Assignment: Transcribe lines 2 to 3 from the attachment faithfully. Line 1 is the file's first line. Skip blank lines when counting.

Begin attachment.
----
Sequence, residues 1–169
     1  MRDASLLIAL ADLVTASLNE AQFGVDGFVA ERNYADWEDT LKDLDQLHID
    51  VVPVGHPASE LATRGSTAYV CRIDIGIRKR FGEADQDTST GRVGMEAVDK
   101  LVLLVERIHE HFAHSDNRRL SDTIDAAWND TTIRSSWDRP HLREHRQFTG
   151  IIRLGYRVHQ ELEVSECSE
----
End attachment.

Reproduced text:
     1  MRDASLLIAL ADLVTASLNE AQFGVDGFVA ERNYADWEDT LKDLDQLHID
    51  VVPVGHPASE LATRGSTAYV CRIDIGIRKR FGEADQDTST GRVGMEAVDK